I recently picked up a Patriot Gauntlet Node just to take a look at it. Playing with the device, it seemed to be a pretty straightforward wireless SoC with a hard drive interface. Many, if not most, of these embedded SoCs use Linux as their operating system, so I decided to go a bit further and see what was going on.
I headed over to the Patriot website and downloaded the firmware for the Gauntlet Node, unzipped the file, and ran binwalk against it. (Binwalk is an awesome tool that essentially runs 'file' with a special magic file against every possible byte offset to find the parts of a firmware image.)
DECIMAL HEX DESCRIPTION ------------------------------------------------------------------------------------------------------- 0 0x0 uImage header, header size: 64 bytes, header CRC: 0xE7CCD2D7, created: Mon Nov 19 21:53:24 2012, image size: 5646212 bytes, Data Address: 0x80000000, Entry Point: 0x803DC000, data CRC: 0xCC23D5F0, OS: Linux, CPU: MIPS, image type: OS Kernel Image, compression type: lzma, image name: Linux Kernel Image 64 0x40 LZMA compressed data, properties: 0x5D, dictionary size: 65536 bytes, uncompressed size: 8244219 bytes 138771 0x21E13 JFFS2 filesystem (old) data big endian, JFFS node length: 411382 1909438 0x1D22BE Broadcom header, number of sections: 25170859, 5051328 0x4D13C0 JFFS2 filesystem (old) data big endian, JFFS node length: 391617
This confirmed my suspicions -- a Linux OS resides on the device. (And no, before you look, there's no GPL sources to be found on the Patriot site...) So, let's see what's inside. Since the uImage header identified the compression as lzma, and the section at 0x40 is LZMA compressed (and first), it seems likely to be a kernel image. A quick dd if=PA21_184.108.40.206.bin of=kernel.lzma bs=64 skip=1;lzma -d kernel.lzma left me with a kernel image, confirmed by running strings on the file. The kernel by itself isn't very interesting -- userspace can tell us a lot more about how the device works. Let's look for a filesystem -- binwalk has identified two JFFS2 (common on embedded devices) filesystems. Unfortunately, it turns out that neither of those is actually a JFFS2 filesystem (binwalk does get the occasional false positive). So let's look at the kernel some more, maybe we can find some clues. Let's look for the kernel command line:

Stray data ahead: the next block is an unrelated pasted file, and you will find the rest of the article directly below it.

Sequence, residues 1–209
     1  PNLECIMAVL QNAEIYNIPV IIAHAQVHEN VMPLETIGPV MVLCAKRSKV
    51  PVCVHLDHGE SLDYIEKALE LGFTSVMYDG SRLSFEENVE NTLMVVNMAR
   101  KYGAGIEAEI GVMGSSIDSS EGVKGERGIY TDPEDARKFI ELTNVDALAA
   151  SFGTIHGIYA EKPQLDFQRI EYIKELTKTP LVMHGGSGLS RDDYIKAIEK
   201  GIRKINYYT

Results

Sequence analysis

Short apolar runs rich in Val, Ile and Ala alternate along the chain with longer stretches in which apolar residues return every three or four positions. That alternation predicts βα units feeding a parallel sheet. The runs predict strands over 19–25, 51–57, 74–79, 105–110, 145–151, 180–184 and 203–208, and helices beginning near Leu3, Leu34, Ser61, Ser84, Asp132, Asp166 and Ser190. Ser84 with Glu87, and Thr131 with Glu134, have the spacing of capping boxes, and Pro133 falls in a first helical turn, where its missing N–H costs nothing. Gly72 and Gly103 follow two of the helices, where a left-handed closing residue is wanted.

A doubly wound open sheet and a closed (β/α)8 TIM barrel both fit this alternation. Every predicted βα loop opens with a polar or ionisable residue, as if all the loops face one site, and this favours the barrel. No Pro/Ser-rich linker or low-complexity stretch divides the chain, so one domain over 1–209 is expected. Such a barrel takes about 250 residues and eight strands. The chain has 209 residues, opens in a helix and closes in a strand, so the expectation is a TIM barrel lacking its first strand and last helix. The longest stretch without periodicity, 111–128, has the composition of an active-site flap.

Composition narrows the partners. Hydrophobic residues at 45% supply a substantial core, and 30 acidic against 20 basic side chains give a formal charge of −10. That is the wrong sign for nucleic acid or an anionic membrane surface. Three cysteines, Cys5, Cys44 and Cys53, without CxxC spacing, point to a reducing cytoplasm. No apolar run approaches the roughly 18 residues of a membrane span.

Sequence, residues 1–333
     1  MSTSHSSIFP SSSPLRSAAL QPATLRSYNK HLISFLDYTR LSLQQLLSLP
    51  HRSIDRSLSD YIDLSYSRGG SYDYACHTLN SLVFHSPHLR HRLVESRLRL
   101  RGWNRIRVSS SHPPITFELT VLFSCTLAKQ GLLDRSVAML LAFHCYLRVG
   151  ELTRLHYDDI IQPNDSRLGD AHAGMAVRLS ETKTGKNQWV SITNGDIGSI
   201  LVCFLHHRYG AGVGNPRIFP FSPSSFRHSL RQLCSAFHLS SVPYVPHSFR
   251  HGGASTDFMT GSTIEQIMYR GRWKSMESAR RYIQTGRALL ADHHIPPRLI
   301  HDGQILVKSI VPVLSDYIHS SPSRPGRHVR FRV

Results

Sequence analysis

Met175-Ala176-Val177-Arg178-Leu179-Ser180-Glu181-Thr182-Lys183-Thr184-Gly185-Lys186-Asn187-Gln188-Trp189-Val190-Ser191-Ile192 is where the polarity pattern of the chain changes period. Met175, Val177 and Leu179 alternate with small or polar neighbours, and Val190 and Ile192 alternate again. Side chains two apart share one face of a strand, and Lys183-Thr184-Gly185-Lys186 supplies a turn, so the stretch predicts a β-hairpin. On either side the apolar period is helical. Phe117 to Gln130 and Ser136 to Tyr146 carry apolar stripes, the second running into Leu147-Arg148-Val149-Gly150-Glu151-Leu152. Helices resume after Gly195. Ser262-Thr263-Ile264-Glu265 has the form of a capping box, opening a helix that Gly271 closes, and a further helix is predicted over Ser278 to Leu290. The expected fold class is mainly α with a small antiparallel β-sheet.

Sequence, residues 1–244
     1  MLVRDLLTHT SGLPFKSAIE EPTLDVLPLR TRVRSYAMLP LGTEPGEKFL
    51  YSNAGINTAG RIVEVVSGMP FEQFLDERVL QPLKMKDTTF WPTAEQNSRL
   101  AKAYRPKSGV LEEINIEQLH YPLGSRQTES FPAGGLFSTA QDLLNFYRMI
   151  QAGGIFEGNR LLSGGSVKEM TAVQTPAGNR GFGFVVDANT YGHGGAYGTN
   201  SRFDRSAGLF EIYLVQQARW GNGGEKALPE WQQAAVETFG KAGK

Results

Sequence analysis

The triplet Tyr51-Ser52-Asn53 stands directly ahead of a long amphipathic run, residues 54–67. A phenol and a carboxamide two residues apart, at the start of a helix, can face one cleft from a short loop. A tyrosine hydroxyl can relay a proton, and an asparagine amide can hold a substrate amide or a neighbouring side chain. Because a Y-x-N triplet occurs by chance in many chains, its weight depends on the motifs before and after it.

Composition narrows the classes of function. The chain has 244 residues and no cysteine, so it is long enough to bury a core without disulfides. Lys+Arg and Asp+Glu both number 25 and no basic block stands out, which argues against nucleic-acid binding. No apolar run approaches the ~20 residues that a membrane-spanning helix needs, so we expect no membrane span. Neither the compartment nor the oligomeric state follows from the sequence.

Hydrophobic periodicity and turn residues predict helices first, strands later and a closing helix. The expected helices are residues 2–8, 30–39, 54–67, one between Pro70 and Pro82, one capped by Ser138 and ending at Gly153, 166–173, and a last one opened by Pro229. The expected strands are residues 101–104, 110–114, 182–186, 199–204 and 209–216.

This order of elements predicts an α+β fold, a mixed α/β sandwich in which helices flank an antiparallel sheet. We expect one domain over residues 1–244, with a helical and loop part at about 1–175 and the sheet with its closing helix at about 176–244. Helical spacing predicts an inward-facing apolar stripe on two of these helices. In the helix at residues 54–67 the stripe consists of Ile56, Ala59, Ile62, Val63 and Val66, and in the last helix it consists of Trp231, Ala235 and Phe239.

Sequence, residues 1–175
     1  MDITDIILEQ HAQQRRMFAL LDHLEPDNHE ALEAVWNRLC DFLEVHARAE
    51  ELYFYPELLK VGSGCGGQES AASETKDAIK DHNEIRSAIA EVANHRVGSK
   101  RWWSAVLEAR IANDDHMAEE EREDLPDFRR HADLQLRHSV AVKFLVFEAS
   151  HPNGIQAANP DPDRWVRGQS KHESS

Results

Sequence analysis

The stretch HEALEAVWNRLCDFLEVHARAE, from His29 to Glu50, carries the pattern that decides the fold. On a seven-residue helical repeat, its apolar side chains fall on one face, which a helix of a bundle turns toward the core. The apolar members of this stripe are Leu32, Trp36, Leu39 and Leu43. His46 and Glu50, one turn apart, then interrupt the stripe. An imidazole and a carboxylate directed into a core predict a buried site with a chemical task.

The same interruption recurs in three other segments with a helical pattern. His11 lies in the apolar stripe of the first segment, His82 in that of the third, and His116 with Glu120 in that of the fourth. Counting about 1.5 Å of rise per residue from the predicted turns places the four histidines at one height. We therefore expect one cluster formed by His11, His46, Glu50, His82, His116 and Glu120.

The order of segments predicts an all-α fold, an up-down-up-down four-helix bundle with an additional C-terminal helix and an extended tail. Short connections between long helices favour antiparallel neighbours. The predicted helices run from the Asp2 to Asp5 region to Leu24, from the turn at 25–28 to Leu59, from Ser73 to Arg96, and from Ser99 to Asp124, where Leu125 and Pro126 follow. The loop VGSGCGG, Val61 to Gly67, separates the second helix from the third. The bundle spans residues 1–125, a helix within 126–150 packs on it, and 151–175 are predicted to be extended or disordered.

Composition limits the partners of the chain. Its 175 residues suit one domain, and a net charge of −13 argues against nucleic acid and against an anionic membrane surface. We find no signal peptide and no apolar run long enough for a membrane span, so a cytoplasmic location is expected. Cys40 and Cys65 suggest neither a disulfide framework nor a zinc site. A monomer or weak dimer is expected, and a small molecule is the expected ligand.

$ strings img.220.127.116.11 | grep 'root=' Please append a correct "root=" boot option console=ttyS1,57600n8 root=/dev/ram0 console=ttyS1,57600n8 root=/dev/ram0
/dev/ram0 suggests we're booting from an initrd of some sort, maybe in the same lzma image? Let's try binwalk on the kernel image itself... That nets us a lot of noise, dozens of lzma and JFFS2 signatures, mostly obvious false positives (massive dictionary sizes, uncompressed sizes, etc.). But the very last image found, an lzma image, has a dictionary size of exactly 1048576 (1MB), so seems like a likely candidate. Another dd and lzma later, and I've got a file that 'file' identifies as a cpio archive (standard for an initrd). cpio -idv --no-absolute-filenames gets me a nice directory structure of a linux root filesystem. Finally something to work with!
I poked around the filesystem a little, and I'll have more on that later, but the most interesting thing I've found so far is a file named killprocess.cgi in /etc_ro/web/cgi-bin. It turns out that given the right argument, this triggers a busybox telnetd. That's right, it just takes a web request to get telnet! http://10.10.10.254/cgi-bin/killprocess.cgi?service (using the default IP) starts telnetd right up. admin/admin logs you right in.